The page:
For simplicity let's assume that the cards are in the original order. Our secret move, counting five cards and reversing their order gives us 12345 in one pile and 54321 in the other. This is called a palindromic stack. The values in one pile are exactly reversed in the other. To make it even simpler to explain, consider only 3 card values – so our piles are 123 and 321.

Now make 2 swaps. Remember the number of swaps is always one less than the number of cards in the piles. Swaps just rotate the cards. Think of that clock face, being on a dial you can rotate with the 12 o’clock position being the top card and the other two cards being at 4 o’clock and 8 o’clock (the bottom of the pack). See the diagram. We rotate the dial by the number of swaps. Rotating one less than the number of cards just means we rotate the bottom card up to the top: to 12 o’clock. If we do some of the swaps on one pile and some on the other, we are just rotating the numbers on the dials in opposite directions so that they meet. The mathematics behind this trick is called modular arithmetic...not surprisingly also known as clock arithmetic.

Let's look at all the possibilities to see how that happens.

If we do two swaps on the first pile, that takes the top card to bottom and takes us to 312. The other pile is unchanged with order 321. The top card of both piles is the 3 as we require. Remove it and the piles left are 12 and 21 – they still have the palindromic property so it will work again for the next round.

What happens if we do two swaps, one on each pile? The first pile goes from 123 to 231 and the second (reversed) pile from 321 to 213 and the top cards match again. We are left with piles of 31 and 13. The orders are still reversed so the next round will work again.

Finally, if we do two swaps on the second pile, that takes the top card to bottom and takes us from 321 to 132. The other pile is unchanged with order 123. The top card of both piles is 1 this time. The piles left are 32 and 23. Yet again they still have the palindromic property.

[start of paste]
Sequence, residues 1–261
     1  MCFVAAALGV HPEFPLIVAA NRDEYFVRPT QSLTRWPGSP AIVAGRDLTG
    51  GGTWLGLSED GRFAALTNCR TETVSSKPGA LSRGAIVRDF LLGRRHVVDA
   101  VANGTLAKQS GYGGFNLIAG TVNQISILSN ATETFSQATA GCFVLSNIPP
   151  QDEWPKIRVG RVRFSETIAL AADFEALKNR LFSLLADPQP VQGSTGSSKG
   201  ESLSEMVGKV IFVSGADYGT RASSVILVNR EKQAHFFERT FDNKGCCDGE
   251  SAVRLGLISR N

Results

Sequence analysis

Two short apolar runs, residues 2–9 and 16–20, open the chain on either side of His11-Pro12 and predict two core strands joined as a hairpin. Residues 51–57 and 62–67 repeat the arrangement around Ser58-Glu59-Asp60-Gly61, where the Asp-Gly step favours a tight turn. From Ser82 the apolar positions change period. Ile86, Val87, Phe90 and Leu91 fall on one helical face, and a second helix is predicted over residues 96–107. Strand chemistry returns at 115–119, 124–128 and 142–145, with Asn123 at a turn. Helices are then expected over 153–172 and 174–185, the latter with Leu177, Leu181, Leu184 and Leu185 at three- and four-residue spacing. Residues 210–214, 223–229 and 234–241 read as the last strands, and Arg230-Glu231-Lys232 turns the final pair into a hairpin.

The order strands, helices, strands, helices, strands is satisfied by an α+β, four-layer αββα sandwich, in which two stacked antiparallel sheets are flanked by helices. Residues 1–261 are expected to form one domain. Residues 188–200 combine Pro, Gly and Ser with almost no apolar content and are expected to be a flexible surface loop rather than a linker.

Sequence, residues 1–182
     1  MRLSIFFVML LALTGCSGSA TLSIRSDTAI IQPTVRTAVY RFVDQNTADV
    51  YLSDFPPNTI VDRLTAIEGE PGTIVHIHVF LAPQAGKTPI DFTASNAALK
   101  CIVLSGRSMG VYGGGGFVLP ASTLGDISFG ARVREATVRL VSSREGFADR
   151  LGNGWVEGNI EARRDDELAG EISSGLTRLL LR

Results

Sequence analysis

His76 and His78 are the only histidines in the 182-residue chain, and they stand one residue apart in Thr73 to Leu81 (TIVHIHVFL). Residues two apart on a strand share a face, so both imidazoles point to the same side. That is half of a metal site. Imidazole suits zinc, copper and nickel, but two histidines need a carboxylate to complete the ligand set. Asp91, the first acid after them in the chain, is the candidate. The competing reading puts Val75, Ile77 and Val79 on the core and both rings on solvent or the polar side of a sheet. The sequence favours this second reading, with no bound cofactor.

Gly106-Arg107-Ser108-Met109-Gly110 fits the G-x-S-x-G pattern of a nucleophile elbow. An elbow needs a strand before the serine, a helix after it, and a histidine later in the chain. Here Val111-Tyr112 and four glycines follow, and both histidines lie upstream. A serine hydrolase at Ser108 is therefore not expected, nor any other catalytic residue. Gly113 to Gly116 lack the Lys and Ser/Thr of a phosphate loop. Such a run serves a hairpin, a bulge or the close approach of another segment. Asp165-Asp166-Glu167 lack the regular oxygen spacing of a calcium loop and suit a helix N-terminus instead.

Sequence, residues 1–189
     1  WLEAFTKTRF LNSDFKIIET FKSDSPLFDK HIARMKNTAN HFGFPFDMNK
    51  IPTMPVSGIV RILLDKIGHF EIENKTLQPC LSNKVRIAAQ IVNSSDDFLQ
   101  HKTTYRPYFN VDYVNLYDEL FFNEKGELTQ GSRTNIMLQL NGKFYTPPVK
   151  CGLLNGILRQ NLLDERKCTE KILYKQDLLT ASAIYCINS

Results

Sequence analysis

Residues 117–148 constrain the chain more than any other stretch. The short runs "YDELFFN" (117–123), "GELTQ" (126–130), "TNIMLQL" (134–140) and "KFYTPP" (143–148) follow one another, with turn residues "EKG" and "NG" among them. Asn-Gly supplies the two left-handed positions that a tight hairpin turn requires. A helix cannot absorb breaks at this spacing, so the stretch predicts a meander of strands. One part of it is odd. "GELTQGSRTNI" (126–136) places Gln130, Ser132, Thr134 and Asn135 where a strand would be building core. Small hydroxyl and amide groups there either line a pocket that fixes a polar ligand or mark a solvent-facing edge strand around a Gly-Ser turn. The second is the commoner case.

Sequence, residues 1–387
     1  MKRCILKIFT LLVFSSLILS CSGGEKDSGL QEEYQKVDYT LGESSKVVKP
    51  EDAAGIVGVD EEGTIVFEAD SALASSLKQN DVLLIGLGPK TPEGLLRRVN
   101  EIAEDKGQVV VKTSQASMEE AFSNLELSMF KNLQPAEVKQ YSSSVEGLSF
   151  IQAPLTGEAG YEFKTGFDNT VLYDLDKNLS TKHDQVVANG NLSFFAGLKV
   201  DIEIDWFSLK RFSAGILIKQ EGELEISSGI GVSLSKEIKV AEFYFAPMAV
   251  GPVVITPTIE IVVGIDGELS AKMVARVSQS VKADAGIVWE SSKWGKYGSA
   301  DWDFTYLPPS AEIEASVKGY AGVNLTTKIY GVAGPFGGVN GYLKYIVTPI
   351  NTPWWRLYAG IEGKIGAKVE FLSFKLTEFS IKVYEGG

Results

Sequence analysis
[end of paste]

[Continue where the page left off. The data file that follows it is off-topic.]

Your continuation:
This mathematics works for any number of cards N that are placed in order in palindromic stacks. When we make N-1 swaps, as one card is moved down its equivalent rises in the other stack so that the ones meeting on top of the piles match.

The Showmanship

You can play up the psychic link by using Zener cards in place of normal cards. Rather than suits and numbers the cards each have one of five symbols: a circle, cross, wavy lines, square and star. These can be bought from magic shops or you could make your own (just google 'Zener' to get the images). They were actually invented by psychologist Karl Zener as a way to do rigorous experiments on extra-sensory perception. In a typical experiment the experimenter would turn over cards, writing the symbol down, and the subject would try and work out, using clairvoyance, what the card was. Sometimes to remove the possibility of bias or subtle forms of communication, the subject would be in a different room to the experimenter. Explain this and that you are going to do a variation to see if the subject can match two cards. The extra detail adds authenticity to your performance, casting you in the role of experimenter rather than of magician.

As an alternative, you can cast the trick as about 'psychic resonance and the power of crystals' demonstration. Give the volunteer a large 'crystal' (eg a piece of quartz – aquarium stockists sell it) to hold to 'magnify their psychic resonance'.